Van C. Mow Lecture: Event Recap

Sep 20 2021 | By Abigail Ayers

On Friday, September 17, 2021, a seminar hall in the Northwest Corner Building buzzed with excitement as students and faculty gathered in person for the first time in nearly two years for the start of the fall Columbia Biomedical Engineering Seminar Series. The distinguished Van C. Mow Lecture, named after the accomplished scholar and founding chair of the biomedical engineering department, marked the beginning of the annual weekly seminar series that highlights the latest developments and research in biomedical engineering.

Dr. Edward Chang, the Joan and Sanford Weill Chair and Jeanne Robertson Distinguished Professor of Neurological Surgery at the University of California, San Francisco, captivated the audience with his lecture titled “Restoring Words: Towards a Speech Neuroprosthesis”. Chang’s clinical expertise is surgical therapies for epilepsy, brain tumors, and cranial nerve disorders. He specializes in advanced neurophysiologic brain mapping methods, including awake speech and motor mapping, to safely perform neurosurgical procedures in eloquent areas of the brain. His work as a neurosurgeon informs his research, through which he investigates the functional organization of the human speech cortex toward the development of a speech neuroprosthetic device to restore communication for people living with paralysis.

Chang and his team discovered commonalities in the mapping of different vocal components’ control areas that exist across all human brains. These patterns often remain, even after a person experiences a form of paralysis related to communication known as “locked-in syndrome”, in which the person has intact cerebral function but the signals are blocked from getting to the rest of the body. Currently, most communication solutions are extremely slow compared to typical thinking and speaking speed. Chang hopes to restore speech, and therefore significantly improve quality of life, for these patients. Using an array of electrodes on the brain to get direct recordings, the neuroprosthesis decodes precise spatiotemporal codes into words, which Chang demonstrated to the audience in a video showing a patient responding to text prompts solely through the neuroprosthesis device. In the future, Chang hopes to improve both accuracy and speed of the decoding to match regular speaking patterns, as well as expand the neuroprosthesis to other languages.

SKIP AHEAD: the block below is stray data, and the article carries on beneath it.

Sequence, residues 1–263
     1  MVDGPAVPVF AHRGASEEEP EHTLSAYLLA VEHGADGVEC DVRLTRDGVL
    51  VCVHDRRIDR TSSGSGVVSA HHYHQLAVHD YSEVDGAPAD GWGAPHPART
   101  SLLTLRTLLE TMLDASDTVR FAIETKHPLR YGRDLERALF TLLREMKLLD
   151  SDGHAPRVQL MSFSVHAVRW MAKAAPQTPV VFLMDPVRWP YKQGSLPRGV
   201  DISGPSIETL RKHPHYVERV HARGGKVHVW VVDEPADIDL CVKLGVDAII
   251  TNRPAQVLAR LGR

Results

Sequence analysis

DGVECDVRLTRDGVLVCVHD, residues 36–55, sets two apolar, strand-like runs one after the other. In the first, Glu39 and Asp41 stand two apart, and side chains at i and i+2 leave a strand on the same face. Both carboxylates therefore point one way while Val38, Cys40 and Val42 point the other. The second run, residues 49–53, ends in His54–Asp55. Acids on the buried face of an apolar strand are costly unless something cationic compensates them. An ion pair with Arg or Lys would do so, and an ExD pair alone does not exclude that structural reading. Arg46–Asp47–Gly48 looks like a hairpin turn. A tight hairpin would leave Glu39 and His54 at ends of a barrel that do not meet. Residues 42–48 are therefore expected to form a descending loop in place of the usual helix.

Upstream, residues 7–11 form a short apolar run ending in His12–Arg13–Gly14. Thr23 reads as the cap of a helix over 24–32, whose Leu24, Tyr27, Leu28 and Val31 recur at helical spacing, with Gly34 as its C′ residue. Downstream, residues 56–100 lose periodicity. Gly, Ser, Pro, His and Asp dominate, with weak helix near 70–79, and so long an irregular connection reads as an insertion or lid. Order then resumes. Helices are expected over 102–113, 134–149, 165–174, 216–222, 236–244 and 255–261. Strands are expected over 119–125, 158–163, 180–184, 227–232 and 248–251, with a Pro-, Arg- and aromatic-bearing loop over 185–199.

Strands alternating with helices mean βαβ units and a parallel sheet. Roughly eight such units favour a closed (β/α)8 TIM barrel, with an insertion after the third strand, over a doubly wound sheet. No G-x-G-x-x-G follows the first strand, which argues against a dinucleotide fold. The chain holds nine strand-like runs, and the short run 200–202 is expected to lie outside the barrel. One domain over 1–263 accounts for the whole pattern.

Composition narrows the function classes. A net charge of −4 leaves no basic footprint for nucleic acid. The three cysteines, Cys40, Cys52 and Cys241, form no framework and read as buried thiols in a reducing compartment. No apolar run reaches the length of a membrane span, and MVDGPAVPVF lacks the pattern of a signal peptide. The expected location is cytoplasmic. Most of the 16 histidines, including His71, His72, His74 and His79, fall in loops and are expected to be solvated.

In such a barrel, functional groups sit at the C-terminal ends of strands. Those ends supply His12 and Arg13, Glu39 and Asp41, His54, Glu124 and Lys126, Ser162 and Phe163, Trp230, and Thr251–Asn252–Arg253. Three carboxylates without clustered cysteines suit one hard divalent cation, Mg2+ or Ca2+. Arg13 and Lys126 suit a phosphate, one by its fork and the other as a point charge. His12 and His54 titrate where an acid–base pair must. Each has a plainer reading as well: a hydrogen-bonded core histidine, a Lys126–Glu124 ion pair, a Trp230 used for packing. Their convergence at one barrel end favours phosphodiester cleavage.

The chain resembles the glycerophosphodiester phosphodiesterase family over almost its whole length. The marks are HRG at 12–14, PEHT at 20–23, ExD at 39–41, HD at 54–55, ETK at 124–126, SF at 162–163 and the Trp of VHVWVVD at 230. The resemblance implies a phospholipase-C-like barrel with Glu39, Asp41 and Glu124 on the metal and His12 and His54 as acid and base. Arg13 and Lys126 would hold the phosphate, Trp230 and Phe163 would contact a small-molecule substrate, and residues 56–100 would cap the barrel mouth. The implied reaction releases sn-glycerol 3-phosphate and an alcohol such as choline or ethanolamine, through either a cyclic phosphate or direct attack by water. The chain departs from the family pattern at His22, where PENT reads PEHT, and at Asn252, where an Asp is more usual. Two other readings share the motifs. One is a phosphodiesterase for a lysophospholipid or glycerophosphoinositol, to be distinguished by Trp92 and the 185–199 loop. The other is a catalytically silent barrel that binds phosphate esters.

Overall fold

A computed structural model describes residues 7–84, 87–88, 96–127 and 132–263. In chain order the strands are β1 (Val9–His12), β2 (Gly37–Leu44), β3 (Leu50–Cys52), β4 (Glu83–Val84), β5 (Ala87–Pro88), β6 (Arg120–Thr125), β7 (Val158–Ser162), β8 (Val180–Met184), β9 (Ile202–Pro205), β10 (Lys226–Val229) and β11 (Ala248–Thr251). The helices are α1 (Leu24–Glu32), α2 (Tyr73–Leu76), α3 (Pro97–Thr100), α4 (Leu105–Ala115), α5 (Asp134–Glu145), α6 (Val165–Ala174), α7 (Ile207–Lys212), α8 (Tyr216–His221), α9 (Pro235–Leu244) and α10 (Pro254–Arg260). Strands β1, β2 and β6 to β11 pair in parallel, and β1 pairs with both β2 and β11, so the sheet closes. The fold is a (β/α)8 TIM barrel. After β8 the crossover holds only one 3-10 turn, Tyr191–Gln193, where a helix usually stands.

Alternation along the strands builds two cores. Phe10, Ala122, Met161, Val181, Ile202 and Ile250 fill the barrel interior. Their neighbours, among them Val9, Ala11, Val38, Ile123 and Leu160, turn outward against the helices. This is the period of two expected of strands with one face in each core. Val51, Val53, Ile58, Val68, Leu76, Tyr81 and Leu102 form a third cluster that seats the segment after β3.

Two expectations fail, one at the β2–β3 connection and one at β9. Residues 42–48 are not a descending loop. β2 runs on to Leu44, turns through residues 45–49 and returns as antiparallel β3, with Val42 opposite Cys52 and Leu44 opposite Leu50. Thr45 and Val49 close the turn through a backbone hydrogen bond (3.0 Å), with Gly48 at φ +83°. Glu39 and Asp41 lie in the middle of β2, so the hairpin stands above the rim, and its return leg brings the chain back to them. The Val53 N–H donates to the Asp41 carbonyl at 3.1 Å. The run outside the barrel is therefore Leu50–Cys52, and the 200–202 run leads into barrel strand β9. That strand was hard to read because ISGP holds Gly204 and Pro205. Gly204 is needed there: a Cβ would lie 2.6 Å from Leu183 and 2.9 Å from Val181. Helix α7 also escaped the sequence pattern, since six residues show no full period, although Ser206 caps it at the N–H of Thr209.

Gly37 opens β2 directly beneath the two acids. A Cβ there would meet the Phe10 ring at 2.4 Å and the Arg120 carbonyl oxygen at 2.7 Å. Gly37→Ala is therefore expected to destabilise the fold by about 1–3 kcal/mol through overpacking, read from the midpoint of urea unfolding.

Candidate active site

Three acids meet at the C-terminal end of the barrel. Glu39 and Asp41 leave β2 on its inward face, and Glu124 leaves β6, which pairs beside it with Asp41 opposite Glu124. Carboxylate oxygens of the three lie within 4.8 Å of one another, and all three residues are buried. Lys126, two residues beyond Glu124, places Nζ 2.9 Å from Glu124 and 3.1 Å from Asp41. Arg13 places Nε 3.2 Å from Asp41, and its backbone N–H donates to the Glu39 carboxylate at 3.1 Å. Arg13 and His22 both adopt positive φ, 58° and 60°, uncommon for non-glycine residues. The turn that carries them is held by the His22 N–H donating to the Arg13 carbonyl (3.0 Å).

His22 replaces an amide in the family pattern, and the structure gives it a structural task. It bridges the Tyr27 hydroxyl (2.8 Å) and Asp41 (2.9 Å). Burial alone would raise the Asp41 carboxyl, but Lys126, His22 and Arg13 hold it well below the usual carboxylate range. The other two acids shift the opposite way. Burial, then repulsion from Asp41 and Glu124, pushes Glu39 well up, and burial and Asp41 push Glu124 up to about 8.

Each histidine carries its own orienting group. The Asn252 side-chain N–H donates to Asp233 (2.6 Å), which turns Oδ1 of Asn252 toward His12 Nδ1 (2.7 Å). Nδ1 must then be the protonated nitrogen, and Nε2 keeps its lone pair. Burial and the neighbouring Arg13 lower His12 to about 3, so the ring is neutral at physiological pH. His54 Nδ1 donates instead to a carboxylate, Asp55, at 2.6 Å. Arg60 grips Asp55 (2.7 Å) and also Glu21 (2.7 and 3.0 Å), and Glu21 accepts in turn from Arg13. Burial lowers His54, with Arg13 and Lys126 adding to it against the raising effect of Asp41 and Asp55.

Chang’s passion for his work and his patients was evident, and the audience reflected his enthusiasm in their questions during the Q&A portion of the lecture. His work is directly changing lives and the way we understand speech, both in the lab and on the operating table. As Prof. X. Edward Guo, current chair of the BME department at Columbia, said after the event, “this is science fiction becoming reality!”

You can read more about the Chang lab’s neuroprosthesis development here. Chang’s inspiring lecture set the tone as the first of many exciting talks to come in this seminar series hosted by the Department of Biomedical Engineering at Columbia University. If you are interested in attending virtually, the weekly series takes place on Friday mornings at 11:00 AM Eastern and includes a variety of renowned academics from top universities to talk about their specific research and experience.

Learn more and register for the seminar series!